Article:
The Lanyon Estate is one of the colonial jewels of Canberra. Dating back to 1836, it lies at the foothills of the Brindabella Ranges, on the upper banks of the Murrumbidgee River and barely a 30 minute drive south of Civic. In early autumn, it has to be a painter’s dream, reflected in the naming of a nearby suburb, in 1991, after the Australian Impressionist, Arthur Conder.

Jennifer Gall, Erin Helyard and Robyn Holmes. Photo © Vincent Plush

It is at Lanyon that Dr Jennifer Gall, scholar and curator, has assembled a three-part music series, Sounds Like Home, under the umbrella of the Cultural Facilities Corporation, an enterprise of the ACT government.

This particular program, the second in the current series, was drawn from the hand-written music manuscript brought to Australia from Scotland by the artist and diarist Georgiana McCrae (1804–1890). The natural daughter of the fifth Duke of Gordon, McCrae arrived in Port Phillip in March 1841 and remained there until her death in Hawthorn in 1890. McCrae also had a house on the Mornington Peninsula. There she entertained her friends with musicales; sometimes, people from the Bunerong population would sit on her verandah and listen to her music and sing their songs to her. (Her grandson, the historian Hugh McCrae (1876–1958), published extracts from her diaries in the magazine Southerly (1946–7).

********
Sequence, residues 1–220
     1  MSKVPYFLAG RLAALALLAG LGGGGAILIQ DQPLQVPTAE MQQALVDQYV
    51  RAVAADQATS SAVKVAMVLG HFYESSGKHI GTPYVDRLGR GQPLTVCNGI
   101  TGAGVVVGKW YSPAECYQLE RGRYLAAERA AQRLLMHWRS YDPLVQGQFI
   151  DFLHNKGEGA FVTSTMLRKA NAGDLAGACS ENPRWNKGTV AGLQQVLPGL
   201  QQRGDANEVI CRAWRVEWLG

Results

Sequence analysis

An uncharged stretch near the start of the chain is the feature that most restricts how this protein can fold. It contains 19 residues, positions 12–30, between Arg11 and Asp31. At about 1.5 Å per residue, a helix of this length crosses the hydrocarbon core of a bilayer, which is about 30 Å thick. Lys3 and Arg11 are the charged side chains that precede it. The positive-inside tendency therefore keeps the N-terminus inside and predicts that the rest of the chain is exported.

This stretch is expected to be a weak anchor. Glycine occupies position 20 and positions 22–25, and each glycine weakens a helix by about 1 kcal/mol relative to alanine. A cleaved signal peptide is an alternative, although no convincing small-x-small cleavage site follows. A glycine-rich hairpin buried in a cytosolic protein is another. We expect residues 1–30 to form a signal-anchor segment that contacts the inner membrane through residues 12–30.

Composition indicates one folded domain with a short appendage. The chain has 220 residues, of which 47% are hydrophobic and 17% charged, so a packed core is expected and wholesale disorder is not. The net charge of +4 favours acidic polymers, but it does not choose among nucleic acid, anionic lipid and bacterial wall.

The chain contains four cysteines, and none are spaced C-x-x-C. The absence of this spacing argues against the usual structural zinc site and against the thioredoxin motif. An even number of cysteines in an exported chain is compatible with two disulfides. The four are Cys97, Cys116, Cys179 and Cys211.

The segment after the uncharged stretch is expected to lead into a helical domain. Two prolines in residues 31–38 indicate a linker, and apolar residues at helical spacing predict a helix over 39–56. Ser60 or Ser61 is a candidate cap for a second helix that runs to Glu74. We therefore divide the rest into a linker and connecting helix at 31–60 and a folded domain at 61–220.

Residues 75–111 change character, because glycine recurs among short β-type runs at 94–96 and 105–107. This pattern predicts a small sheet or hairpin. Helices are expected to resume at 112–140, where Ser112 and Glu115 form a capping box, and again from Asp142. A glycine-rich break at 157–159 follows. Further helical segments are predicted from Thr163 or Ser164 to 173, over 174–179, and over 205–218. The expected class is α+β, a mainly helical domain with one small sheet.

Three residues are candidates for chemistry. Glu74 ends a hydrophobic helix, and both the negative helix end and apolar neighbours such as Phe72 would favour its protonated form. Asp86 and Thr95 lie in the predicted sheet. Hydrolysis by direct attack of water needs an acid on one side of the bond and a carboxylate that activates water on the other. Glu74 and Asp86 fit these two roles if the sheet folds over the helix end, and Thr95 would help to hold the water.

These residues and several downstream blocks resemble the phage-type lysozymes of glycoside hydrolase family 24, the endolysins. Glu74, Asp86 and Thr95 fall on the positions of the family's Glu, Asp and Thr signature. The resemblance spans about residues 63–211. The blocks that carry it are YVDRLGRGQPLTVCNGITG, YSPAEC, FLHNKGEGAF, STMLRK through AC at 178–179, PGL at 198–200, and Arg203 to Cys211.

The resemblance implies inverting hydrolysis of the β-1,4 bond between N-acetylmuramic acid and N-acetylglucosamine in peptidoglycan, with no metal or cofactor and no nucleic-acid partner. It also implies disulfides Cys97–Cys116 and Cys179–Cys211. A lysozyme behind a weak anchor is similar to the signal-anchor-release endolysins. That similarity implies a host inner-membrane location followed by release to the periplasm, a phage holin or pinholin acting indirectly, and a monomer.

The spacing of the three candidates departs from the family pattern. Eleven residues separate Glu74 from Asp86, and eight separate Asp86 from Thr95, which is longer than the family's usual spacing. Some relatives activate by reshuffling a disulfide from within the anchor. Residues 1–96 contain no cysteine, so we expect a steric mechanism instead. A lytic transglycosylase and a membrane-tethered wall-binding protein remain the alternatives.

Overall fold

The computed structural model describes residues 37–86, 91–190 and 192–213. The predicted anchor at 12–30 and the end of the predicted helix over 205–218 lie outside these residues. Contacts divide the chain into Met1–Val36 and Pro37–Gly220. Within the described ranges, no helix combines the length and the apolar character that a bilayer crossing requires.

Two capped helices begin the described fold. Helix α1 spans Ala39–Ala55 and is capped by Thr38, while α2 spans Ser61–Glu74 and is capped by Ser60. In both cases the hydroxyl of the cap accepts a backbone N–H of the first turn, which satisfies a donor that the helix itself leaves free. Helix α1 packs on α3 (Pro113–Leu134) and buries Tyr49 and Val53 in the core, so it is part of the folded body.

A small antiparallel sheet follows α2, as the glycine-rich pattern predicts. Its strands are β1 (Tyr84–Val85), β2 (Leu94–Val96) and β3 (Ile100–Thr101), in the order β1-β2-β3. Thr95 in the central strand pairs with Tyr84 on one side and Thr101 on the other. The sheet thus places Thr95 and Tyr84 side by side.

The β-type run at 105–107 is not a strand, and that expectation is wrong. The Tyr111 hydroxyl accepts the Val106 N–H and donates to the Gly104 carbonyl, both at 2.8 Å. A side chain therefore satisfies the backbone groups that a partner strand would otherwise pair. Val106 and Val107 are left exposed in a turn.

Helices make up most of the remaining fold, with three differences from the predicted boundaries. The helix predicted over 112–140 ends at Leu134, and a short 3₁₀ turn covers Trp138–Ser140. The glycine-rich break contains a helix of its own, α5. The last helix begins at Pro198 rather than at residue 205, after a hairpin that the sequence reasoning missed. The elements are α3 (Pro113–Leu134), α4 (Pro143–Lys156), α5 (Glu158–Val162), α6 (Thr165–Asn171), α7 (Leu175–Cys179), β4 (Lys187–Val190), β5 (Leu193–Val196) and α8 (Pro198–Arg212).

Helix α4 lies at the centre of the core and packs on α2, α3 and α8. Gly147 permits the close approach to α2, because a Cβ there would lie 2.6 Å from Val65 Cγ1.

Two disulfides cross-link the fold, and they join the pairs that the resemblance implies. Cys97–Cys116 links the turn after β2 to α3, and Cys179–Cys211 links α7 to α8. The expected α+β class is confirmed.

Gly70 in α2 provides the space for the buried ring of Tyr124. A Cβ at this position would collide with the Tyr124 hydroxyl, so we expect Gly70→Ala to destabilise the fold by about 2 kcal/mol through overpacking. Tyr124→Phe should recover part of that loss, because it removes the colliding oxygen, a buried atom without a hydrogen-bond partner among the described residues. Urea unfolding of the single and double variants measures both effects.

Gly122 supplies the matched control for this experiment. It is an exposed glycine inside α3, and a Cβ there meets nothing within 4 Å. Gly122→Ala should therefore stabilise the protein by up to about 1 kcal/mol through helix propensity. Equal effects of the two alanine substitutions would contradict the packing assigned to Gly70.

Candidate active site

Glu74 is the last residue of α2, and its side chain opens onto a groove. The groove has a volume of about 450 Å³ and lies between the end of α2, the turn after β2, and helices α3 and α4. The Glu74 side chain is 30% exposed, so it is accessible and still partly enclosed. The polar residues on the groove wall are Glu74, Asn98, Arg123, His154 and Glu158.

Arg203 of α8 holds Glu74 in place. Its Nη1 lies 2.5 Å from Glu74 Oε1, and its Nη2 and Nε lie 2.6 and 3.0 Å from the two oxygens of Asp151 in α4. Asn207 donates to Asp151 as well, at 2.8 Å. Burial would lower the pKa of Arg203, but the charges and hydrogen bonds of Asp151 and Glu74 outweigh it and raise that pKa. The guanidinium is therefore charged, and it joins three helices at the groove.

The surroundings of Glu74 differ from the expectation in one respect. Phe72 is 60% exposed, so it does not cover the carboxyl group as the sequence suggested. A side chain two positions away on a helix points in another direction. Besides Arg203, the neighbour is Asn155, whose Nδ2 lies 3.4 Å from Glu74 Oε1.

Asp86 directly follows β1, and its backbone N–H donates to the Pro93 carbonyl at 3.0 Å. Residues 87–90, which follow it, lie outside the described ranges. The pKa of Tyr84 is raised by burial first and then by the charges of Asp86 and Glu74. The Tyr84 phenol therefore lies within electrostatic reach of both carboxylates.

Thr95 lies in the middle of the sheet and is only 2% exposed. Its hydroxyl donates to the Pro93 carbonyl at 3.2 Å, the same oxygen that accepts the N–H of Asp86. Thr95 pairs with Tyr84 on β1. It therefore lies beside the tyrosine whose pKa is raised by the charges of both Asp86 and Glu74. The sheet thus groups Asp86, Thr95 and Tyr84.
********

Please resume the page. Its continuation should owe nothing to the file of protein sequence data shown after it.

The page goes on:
McCrae’s songbooks were also an important source of inspiration for Patrick White, as he researched material for his novel Voss in the Mitchell Library. One evening, Mrs McCrae wrote in her diary, “Mr McLure played on his flute”. Thus, the novelist arrived at the character of Professor Topp, the philandering, flute-playing music-master.

McCrae dated many of the items in her ‘Songbook’ (1822–24), and these notations often correspond with diary entries. Jennifer Gall included a discussion about McCrae in her PhD thesis from ANU School of Music. The title of her 2008 dissertation was “Redefining the Tradition: The Role of Women in the Evolution and Transmission of Australian Folk Music”.